• Rust-Oleum Spray Paint
  • Ducktape
  • Painting tarp or large Garage bags

The Captain used canvas khakis, but any type of fabric should be fine. I just used 100% Cotton khakis from Old Navy. I would not recommend cargo pants. The pockets will be tricky, but hey, you might devise you own method! The Painter’s tape comes in a wide variety of sizes, so choose which ever will best fit your needs. After experimenting, I concluded that as long as the spray paint is meant for outdoor furniture (to resist most water and heat), you shouldn’t have a problem.

The last two items are somewhat optional. I live in an apartment, so I my only option was to go out in a neighboring parking lot to spray paint. So I wouldn’t cause any trouble (and to just respect public property), I laid down a few cut garbage bags and taped them to the pavement so I wouldn’t leave any paint splotches. The tarp would be easier and re-usable, but I already had the garbage bags, so why spend the extra coin? Spray paint gets everywhere. I would highly recommend waiting until there is little or now wind. Just pick up the garbage bags after you done, and you will likely see the outlines of your tarp.

Time for the actual tutorial!

Step 1: Iron your pants! This will make applying the painter’s tape immensely easier. Try to get the pocket linings as well if you can.

Step 2: Apply the tape! This might sound easy, but it can be a simple or as complicated as you want it to be. I just went with some simple pirate stripes (evenly spaced 1.5” lines). If you want, you can do zigzags, spirals, even cogs! When putting the tape on the fabric, make sure it’s on there very well and as straight (on not so straight) as you desire. Because of the unusual shape of pants, a long single strip will not line up evenly on the pants (with the exception of the side seams) So, for a single strip I used as much as 4 pieces to slowly “curve” the tape to fit the bulges and curvature of the pants. Because of this, even the smallest edge of “edited” tape will be very noticeable once the paint it applied and dried. So just be careful and keep that in mind. *Note: The blue represents the un-painted areas. So unless you want paint on the inside of your britches, I recommend lining the bottom cuff, top interiors of pockets, and the inside of the waistband.*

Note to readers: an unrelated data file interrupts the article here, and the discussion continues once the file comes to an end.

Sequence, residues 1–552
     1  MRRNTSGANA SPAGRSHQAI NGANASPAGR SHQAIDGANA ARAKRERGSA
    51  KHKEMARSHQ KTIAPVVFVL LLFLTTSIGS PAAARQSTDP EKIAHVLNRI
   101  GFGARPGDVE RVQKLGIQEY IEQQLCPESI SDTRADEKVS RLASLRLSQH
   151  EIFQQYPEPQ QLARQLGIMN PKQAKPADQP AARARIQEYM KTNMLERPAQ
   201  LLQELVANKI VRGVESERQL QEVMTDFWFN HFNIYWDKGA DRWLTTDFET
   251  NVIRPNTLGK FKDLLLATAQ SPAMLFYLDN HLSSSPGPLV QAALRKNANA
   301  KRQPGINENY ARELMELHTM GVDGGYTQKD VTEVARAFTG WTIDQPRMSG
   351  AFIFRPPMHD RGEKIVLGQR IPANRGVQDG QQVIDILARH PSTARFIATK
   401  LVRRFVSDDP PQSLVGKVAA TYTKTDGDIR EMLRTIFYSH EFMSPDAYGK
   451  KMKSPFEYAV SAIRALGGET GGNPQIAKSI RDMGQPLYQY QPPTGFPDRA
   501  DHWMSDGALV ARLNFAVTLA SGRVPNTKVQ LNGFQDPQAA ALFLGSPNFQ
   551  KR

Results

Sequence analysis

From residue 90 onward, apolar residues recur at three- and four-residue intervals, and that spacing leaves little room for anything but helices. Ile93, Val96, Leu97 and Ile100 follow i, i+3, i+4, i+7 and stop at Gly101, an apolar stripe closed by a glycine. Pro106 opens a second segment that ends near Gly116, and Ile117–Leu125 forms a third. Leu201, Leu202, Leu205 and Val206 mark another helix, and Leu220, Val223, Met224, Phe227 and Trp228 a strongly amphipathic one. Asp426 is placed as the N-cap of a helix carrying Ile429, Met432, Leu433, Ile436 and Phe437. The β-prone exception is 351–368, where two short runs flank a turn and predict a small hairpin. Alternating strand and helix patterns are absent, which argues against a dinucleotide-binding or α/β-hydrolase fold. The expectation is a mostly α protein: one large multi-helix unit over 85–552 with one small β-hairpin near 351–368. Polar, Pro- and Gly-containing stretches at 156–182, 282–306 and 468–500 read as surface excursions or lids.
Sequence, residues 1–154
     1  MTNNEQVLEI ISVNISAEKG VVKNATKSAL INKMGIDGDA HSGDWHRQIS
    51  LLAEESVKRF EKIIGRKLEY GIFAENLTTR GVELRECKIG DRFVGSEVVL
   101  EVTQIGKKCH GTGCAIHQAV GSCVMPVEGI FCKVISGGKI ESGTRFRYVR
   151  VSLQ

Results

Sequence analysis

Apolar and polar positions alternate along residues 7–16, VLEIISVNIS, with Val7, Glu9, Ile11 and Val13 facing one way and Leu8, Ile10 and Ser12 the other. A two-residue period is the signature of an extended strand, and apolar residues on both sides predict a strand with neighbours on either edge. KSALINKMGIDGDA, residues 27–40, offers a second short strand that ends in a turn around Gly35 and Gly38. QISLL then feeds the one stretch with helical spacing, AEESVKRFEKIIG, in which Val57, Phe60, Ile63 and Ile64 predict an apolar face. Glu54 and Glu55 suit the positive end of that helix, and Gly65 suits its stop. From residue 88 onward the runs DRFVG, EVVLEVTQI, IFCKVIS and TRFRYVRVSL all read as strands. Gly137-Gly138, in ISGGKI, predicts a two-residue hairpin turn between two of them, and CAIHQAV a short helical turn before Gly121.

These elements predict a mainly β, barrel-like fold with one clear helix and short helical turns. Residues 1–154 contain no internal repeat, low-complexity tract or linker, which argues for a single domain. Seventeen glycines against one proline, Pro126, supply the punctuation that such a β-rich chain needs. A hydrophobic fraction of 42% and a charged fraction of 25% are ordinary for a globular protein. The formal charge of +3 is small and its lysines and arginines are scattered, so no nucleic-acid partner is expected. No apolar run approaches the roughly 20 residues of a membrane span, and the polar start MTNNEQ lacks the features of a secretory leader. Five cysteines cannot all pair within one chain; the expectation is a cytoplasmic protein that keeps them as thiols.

Step 3: Once you have your desired tape pattern(s), stroll outside, set-up you tarps, and begin spraying those pants! This is pretty simple. I let it dry for a half hour or so and applied another coat. Let them dry overnight. I actually left it outside for two days to be on the safe side.

Step 4: Congratulations! You know have your own pair of steamy pants! Now go strut your stuff!

Oh, and the biggest question….Are these machine washable?


I have washed them 3 times and they still feel comfortable. I will mention that depending on the type of paint used, the designs/patterns can be a bit stiff or itchy at first. This did go away after the second wash for me. Also, it is not uncommon for the tape to have puckered when spray-painting it, leaving some unusual lines of discolor. If this bothers you, just repaint that particular spot. No harm done.

However, the colors will fade slightly with washing. I do not know if this I because of the detergent I use, the dryer, or just the paint. Either way, it didn’t fade enough to hinder my wardrobe. In fact, it enhanced it in an odd way! Huzzah!

That’s really all I can think of to tell you. If something doesn’t quite work out the way you wanted, just experiment! That’s what my first pair was, and it turned out better than I expected! Now go make stuff! Steamy Stuff!

How to Make Steampunk Gloves

Threadbanger recently came out with a great tutorial to make some unique Steampunk gloves. Here it is below! Watch and enjoy, and please turn your sound up. The sound quality of the maker is rather poor, but the video does a good job of explaining what to do with visuals, so I decided I would post it anyway.

Materials Needed:

  • Scissors
  • Marker
  • Stainless Steel 18 Inches Ruler
  • Leather, or any other material for the glove
  • Black Satin Ribbon
  • Grommet Pliers and Grommets

Have fun making these neat gloves! Feel free to post a link below if you happen to make a pair for yourself. I’d love to see how they turned out!

Free crochet pattern: Steampunk Ruffled Spats

For all you makers out there, I have a beautiful and free crochet spats pattern.

Brought to you by the Grand Rapids Arts and Crafts Examiner, these spats are sure to put an impressive finishing touch to your latest Steampunk outfit. Please click here to view the pattern.

The example shown was crocheted using light weight yarn and a size F hook.  Finished size will vary based on yarn selection, hook size, and tension.  This pattern is written for making the right spat.  To change the pattern for the left foot, work R10 in back loops only instead of front.

And because this is the pattern and not just an outright purchase, you can be sure that whatever spats you create will be the perfect color to match your Steampunk wardrobe. And really, spats go with just about anything with a Steampunk flair. It’s like a white scarf… it’s good for all seasons and occasions!